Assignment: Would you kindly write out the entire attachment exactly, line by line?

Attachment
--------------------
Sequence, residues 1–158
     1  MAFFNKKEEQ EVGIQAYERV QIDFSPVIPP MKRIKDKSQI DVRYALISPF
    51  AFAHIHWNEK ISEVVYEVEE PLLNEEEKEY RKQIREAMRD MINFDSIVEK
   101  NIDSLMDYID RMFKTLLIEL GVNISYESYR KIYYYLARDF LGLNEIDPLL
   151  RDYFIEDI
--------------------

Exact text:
Sequence, residues 1–158
     1  MAFFNKKEEQ EVGIQAYERV QIDFSPVIPP MKRIKDKSQI DVRYALISPF
    51  AFAHIHWNEK ISEVVYEVEE PLLNEEEKEY RKQIREAMRD MINFDSIVEK
   101  NIDSLMDYID RMFKTLLIEL GVNISYESYR KIYYYLARDF LGLNEIDPLL
   151  RDYFIEDI